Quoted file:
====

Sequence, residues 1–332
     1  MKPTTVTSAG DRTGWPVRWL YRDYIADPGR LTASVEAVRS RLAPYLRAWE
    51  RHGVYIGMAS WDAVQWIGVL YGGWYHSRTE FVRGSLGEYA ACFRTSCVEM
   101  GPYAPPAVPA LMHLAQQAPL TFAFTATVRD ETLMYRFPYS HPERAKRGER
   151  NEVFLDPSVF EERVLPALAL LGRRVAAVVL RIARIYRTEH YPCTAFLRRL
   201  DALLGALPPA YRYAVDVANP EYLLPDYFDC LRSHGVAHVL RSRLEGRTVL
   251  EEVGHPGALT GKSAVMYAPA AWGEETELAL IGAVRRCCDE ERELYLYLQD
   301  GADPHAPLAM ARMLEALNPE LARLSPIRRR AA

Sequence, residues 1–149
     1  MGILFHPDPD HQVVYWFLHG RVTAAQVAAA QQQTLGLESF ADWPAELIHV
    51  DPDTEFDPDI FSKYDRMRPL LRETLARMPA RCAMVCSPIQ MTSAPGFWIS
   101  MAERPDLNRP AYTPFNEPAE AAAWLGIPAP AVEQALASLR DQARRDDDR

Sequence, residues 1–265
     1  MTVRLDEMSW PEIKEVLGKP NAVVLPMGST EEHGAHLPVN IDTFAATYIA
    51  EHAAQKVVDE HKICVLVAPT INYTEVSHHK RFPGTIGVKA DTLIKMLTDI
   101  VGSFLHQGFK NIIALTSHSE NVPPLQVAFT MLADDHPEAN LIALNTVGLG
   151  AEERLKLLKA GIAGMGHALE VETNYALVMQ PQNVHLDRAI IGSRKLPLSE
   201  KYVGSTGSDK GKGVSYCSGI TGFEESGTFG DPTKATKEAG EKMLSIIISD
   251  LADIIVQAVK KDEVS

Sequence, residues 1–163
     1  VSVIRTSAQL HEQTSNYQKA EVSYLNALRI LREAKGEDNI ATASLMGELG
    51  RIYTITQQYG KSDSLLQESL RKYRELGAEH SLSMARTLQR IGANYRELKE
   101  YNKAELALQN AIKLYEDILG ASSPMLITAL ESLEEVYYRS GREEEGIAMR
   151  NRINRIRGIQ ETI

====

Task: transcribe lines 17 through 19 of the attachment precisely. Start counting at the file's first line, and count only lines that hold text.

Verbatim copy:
   151  AEERLKLLKA GIAGMGHALE VETNYALVMQ PQNVHLDRAI IGSRKLPLSE
   201  KYVGSTGSDK GKGVSYCSGI TGFEESGTFG DPTKATKEAG EKMLSIIISD
   251  LADIIVQAVK KDEVS